However, it is worth noting that contributions to growth for the four...
2021-08-10 2 ENGLISH REPORTS
This publication presents recent trends in world trade and seeks to provide statistical insights on the trade impact of COVID-19. In 2020, the value of world merchandise exports declined by 8 per cent while services trade contracted by 21 per cent. The most severe impacts of the pandemic were felt in the second quarter of the year, when services trade dropped by a record 30 per cent as travel and transport were severely affected, while goods trade fell by 23 per cent, both in value terms. Trade began to recover as of mid-2020, but the effects of COVID-19 have varied significantly across countries and regions. In volume terms, which strip out the effects of fluctuating prices, Asia’s merchandise trade was down by only 0.5 per cent in 2020, compared to the global decline of 5.3 per cent. Asia’s resilience was due to the relative success of many countries at containing the virus’s spread in early 2020, together with the region’s role as a leading global supplier of consumer goods and medical products. In the first quarter of 2021, merchandise export volumes were up in Asia and Europe.
They were down slightly in South and Central America and North America, and more substantially in Africa and the Middle East. Across manufacturing sectors, the automotive sector suffered the most, with world exports dropping by 16 per cent in 2020. Meanwhile global exports of textiles grew by 16 per cent, driven by an increase in the production of personal protective equipment (PPE). Exports of medical products, including medicines, medical equipment and PPE, rose by more than 16 per cent, underscoring how trade has been a lifeline for access to critical goods through the pandemic, after the initial disruptions. Global value chains were severely disrupted during the first half of 2020. World exports of intermediate goods decreased by 10 per cent year-on-year. Trade was more resilient in value chains for high-tech goods and pharmaceutical/medical products. Trade in intermediate goods across countries started to recover in the third quarter of 2020. As of the first quarter of 2021, global trade in commercial services remained 9 per cent lower than in the same period in 2020. The travel sector was the most affected, as border closures, quarantine requirements, lockdowns, and other restrictions caused global travel exports to decline by 62 per cent in 2020. In contrast, demand for computer services was buoyant, reflecting the shift to remote work and the growth in digital platforms.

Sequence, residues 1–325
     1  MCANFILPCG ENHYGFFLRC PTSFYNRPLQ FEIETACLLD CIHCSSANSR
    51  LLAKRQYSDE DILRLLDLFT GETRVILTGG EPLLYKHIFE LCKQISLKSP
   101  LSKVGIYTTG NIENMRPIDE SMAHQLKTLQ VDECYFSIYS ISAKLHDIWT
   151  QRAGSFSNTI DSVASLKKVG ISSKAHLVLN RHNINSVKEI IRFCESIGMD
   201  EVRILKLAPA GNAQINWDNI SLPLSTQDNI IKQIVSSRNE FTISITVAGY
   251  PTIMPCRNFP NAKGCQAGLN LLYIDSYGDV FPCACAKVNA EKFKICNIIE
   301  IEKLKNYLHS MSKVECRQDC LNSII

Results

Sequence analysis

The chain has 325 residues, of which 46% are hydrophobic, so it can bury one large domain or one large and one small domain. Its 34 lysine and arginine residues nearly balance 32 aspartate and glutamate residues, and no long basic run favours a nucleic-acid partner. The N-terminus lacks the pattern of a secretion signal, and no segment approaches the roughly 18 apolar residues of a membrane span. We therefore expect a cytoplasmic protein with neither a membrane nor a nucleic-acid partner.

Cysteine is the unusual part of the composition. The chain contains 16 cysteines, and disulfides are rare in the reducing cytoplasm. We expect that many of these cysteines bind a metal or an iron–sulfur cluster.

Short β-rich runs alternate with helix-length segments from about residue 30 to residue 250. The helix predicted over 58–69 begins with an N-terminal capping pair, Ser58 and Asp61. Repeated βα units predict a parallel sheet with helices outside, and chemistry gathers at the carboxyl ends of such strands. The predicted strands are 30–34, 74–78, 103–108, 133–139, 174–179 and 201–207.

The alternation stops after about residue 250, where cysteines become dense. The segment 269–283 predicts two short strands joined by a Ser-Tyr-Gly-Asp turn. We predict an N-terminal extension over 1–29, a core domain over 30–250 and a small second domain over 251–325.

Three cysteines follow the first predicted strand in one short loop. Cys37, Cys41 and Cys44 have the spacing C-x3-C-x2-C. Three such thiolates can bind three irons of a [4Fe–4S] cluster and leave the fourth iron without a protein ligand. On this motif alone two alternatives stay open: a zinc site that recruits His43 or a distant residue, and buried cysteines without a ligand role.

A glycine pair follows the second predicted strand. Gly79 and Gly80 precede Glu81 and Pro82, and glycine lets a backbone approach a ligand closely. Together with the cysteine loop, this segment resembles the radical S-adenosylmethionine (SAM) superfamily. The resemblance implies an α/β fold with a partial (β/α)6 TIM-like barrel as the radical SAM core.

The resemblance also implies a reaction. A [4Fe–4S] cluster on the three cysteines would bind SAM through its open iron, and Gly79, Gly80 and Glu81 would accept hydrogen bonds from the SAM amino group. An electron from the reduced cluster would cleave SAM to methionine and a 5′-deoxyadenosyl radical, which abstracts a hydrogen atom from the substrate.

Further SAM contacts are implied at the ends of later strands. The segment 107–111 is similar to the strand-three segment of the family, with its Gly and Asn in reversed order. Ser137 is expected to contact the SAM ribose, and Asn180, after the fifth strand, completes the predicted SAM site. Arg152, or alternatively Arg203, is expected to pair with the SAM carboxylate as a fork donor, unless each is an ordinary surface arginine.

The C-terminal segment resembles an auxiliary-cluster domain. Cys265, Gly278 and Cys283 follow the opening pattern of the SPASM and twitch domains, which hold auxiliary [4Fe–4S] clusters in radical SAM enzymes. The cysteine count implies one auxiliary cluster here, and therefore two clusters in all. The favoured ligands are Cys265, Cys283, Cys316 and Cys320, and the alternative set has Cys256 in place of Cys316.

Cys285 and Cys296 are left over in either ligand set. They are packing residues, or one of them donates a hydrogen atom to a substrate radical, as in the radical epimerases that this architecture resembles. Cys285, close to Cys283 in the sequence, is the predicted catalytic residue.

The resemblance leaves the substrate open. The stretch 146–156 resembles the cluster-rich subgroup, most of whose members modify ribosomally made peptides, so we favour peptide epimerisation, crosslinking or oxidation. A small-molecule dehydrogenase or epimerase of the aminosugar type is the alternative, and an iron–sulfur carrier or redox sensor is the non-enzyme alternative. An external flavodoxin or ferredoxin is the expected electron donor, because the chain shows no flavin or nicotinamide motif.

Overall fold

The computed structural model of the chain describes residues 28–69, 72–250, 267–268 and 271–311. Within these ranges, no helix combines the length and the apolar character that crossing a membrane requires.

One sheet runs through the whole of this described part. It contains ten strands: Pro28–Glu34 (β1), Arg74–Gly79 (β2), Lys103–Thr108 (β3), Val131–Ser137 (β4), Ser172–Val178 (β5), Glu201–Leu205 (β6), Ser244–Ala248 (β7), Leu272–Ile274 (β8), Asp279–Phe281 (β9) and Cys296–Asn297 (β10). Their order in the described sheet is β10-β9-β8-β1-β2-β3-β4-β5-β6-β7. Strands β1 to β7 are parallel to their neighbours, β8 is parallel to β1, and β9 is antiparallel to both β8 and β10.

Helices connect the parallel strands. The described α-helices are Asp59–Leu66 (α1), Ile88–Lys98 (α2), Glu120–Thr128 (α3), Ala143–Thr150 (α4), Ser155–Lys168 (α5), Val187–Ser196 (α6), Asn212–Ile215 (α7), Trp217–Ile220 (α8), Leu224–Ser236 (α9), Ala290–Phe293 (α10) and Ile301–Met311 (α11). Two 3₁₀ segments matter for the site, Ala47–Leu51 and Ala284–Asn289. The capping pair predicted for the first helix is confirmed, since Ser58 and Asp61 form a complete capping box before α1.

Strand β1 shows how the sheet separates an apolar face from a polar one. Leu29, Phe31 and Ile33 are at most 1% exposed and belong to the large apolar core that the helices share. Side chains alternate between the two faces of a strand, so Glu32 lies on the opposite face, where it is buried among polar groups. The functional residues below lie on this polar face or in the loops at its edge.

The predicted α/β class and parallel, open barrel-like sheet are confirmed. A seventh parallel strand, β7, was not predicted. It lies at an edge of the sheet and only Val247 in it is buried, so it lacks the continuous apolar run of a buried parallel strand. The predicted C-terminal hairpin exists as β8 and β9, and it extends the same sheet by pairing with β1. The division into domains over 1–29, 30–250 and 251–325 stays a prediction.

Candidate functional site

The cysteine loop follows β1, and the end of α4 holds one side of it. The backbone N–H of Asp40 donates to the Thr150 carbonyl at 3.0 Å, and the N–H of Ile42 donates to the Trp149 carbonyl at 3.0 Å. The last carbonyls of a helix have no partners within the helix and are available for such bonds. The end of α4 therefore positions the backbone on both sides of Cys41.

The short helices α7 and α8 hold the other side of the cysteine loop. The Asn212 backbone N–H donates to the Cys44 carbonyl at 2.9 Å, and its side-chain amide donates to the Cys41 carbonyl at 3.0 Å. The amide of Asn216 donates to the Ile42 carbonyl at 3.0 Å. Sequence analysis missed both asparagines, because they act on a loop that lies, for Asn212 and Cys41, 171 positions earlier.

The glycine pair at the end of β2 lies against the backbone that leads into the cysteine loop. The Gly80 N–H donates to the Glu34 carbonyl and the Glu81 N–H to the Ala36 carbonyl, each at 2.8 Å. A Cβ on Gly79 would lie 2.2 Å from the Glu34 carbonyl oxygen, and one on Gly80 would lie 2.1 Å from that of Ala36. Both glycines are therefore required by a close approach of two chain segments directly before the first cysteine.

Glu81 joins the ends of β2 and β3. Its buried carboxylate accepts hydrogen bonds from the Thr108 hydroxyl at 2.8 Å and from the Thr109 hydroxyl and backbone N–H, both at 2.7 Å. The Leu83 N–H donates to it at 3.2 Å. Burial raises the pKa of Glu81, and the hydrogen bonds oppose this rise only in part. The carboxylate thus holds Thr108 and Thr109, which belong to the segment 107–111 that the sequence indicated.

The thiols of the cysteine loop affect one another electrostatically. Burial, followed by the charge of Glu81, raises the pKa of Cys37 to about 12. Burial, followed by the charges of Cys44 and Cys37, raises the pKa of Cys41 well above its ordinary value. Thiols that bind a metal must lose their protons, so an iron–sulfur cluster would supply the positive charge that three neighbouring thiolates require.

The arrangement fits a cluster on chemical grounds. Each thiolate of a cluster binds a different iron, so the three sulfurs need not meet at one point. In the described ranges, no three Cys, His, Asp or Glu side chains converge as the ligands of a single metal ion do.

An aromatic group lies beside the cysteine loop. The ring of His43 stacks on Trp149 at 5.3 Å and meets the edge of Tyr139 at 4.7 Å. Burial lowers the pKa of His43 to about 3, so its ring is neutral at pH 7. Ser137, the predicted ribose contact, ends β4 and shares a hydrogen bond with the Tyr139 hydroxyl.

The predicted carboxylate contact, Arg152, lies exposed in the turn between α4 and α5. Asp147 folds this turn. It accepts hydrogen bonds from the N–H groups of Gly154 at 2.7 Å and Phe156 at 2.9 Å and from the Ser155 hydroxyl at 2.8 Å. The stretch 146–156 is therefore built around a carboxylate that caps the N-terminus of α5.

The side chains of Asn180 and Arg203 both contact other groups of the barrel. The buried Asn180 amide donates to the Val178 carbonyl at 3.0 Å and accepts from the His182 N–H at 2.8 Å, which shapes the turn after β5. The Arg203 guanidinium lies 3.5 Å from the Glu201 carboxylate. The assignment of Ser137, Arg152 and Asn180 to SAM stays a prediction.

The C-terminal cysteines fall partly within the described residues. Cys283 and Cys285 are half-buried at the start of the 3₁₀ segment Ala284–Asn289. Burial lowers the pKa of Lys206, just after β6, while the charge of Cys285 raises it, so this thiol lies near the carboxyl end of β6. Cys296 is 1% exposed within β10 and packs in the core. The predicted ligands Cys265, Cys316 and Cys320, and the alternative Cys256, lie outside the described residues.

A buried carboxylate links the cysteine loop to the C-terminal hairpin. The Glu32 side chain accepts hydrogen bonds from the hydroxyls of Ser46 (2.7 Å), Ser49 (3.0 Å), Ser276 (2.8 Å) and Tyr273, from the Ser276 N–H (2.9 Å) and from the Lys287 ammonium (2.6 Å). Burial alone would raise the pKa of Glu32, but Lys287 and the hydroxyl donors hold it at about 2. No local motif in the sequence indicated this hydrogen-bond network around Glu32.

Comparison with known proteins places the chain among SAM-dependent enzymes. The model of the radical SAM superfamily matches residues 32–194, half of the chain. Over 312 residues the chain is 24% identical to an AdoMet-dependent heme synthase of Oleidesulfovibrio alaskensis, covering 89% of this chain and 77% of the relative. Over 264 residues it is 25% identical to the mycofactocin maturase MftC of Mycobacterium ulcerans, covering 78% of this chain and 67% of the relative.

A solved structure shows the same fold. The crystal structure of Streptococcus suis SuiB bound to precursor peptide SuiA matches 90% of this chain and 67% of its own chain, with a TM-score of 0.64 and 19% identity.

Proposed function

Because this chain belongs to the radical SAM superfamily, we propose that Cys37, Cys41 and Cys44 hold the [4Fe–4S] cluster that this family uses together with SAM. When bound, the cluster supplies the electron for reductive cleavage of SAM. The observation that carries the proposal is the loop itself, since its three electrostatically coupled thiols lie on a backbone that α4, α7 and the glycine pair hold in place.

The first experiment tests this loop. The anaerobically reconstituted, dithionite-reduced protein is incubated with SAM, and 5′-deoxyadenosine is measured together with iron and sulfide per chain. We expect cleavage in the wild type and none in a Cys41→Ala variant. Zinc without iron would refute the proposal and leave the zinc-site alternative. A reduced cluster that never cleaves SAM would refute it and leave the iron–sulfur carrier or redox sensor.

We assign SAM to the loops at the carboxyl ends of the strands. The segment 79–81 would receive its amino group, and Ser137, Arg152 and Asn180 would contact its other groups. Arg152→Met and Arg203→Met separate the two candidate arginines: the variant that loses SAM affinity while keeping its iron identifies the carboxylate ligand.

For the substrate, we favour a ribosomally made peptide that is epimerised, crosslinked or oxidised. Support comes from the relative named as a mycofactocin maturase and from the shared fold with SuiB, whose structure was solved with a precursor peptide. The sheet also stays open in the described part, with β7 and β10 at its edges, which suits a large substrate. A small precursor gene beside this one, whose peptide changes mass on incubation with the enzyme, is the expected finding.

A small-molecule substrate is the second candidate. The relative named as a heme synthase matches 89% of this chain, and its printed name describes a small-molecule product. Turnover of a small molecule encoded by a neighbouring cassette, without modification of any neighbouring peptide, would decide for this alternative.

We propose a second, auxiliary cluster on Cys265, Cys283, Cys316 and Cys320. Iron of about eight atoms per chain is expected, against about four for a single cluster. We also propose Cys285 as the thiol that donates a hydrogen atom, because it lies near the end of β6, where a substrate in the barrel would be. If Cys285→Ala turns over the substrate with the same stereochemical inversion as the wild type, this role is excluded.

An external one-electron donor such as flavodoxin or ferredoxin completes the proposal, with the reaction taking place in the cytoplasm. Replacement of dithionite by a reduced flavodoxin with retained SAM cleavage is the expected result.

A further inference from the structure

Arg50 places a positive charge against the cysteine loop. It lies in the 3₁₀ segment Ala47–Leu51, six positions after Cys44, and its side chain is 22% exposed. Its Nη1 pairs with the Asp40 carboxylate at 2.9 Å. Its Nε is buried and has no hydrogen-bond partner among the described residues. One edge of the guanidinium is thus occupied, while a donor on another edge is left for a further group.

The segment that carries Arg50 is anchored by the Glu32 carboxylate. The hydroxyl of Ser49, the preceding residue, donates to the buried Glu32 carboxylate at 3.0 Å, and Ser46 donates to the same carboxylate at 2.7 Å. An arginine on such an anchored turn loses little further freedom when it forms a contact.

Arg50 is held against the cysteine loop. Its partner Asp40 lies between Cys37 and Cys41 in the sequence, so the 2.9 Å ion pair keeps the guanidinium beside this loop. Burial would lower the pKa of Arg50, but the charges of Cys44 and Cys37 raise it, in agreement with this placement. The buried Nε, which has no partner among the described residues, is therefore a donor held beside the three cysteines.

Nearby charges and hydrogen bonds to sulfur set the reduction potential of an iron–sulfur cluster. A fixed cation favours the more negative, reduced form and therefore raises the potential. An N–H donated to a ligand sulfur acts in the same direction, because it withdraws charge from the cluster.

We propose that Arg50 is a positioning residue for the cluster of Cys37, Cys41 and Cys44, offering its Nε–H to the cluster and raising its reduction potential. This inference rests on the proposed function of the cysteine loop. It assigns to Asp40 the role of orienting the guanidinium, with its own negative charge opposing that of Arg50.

标签： ENGLISH REPORTS